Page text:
What is Extradition? - Definition, Laws & Example

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  • 0:00 What Is Extradition?
  • 0:39 Extradition Between States
  • 2:19 Extradition Between Countries
  • 4:15 Lesson Summary
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Lesson Transcript
Instructor: Andrea Stephenson

Andrea has a Juris Doctor and has spoken at legal conferences on government transparency.

What is extradition? This lesson will define extradition and give real world examples. This lesson will additionally explain the legal basis of extradition both between states and between countries.

What Is Extradition?

What happens to people who commit crimes in one state and then flee to another state? What about individuals who commit crimes in the United States and then escape to other countries? Do these criminals just get away with their crimes because they left the jurisdiction where the crimes were committed? The simple answer most of the time is 'no', thanks to the concept of extradition.

It its simplest form, extradition is the act of one governmental authority formally turning over an alleged criminal to another governmental authority for prosecution for a criminal charge. Generally, extradition happens between two states or two countries.

Extradition Between States

The legal concept of extradition was created by the Extradition Clause of the Constitution of the United States of America, found in Article IV, Section 2. Specifically, the Extradition Clause states that if a person commits a crime in one state and then flees to another state, then if the state where the crime was committed demands the criminal's return, the state where he was found must return him to the state where the crime was committed.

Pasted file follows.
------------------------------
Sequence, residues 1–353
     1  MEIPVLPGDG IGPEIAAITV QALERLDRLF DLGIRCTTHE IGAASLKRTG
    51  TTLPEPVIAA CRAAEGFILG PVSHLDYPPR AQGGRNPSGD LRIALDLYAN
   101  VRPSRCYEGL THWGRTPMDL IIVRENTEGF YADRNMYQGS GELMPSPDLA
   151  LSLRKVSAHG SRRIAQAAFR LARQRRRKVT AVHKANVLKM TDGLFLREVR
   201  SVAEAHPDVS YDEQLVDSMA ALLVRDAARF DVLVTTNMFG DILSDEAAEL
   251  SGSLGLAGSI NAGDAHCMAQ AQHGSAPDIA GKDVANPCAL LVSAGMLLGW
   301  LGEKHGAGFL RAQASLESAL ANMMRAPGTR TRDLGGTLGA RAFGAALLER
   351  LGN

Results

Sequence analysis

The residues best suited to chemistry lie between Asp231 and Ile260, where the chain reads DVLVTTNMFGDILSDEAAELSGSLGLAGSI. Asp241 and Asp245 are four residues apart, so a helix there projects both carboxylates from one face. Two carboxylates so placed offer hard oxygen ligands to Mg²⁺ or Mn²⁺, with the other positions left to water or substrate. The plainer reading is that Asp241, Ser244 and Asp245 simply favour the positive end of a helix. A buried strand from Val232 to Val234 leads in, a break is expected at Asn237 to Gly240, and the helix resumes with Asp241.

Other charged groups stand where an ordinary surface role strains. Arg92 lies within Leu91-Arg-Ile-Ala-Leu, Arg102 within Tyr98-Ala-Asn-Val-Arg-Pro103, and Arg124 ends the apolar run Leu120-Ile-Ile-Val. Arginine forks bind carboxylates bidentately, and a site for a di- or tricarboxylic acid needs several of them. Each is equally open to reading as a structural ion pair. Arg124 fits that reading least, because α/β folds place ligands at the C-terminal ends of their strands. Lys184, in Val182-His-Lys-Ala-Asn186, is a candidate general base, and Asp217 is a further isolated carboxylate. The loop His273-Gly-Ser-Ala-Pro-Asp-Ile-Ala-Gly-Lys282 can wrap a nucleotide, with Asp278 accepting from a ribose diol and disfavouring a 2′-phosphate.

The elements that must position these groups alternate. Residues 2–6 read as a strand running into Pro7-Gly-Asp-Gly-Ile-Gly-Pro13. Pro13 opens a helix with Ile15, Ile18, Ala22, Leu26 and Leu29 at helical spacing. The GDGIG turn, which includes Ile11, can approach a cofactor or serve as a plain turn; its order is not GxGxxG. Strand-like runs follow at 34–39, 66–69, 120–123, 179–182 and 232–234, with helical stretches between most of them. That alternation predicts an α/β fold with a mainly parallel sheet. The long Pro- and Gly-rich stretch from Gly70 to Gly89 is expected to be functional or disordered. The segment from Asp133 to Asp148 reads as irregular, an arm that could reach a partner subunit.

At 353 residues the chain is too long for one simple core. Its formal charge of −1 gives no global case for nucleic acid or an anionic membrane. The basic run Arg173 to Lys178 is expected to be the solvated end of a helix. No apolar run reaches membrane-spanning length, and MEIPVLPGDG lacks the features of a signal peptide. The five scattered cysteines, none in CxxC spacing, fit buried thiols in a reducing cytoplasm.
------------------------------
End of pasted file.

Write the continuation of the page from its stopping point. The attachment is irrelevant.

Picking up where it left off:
The rules and procedure for extradition can be found in the Federal Code of Laws at 18 U.S. Code Chapter 209. In order to be extradited, states must follow the following rules:

  1. Demand made by an executive authority to the state where the fugitive fled
  2. Provide a copy of the indictment or an affidavit with the demand
  3. The indictment must be for treason, felony or other crime
  4. The documents must be certified by the governor or chief magistrate of the state where the crime was committed
  5. The state where the fugitive has fled must arrest the fugitive and notify the state demanding return of such arrest
  6. The agent of the executive authority who requested extradition must appear to receive the fugitive within 30 days of the date of arrest


Let's say that Bonnie and Clyde committed murder in Alabama and then drove into Georgia. Alabama then puts out a warrant for their arrest and notifies Georgia that the fugitives are possibly there. In Georgia, Clyde drinks and drives, leading him to get pulled over and arrested. Georgia notifies Alabama of Clyde's arrest. Alabama demands Clyde's return. Due to extradition, Georgia returns Clyde to Alabama to face prosecution for murder.

Extradition Between Countries

Extradition between countries is governed by treaties. Generally, extradition is limited to the specific crimes listed in the applicable treaty. In the United States, extradition requests between countries go through the Department of Justice and Department of State.

Looking at the following image, you will notice countries that have extradition treaties with the US are colored in blue.


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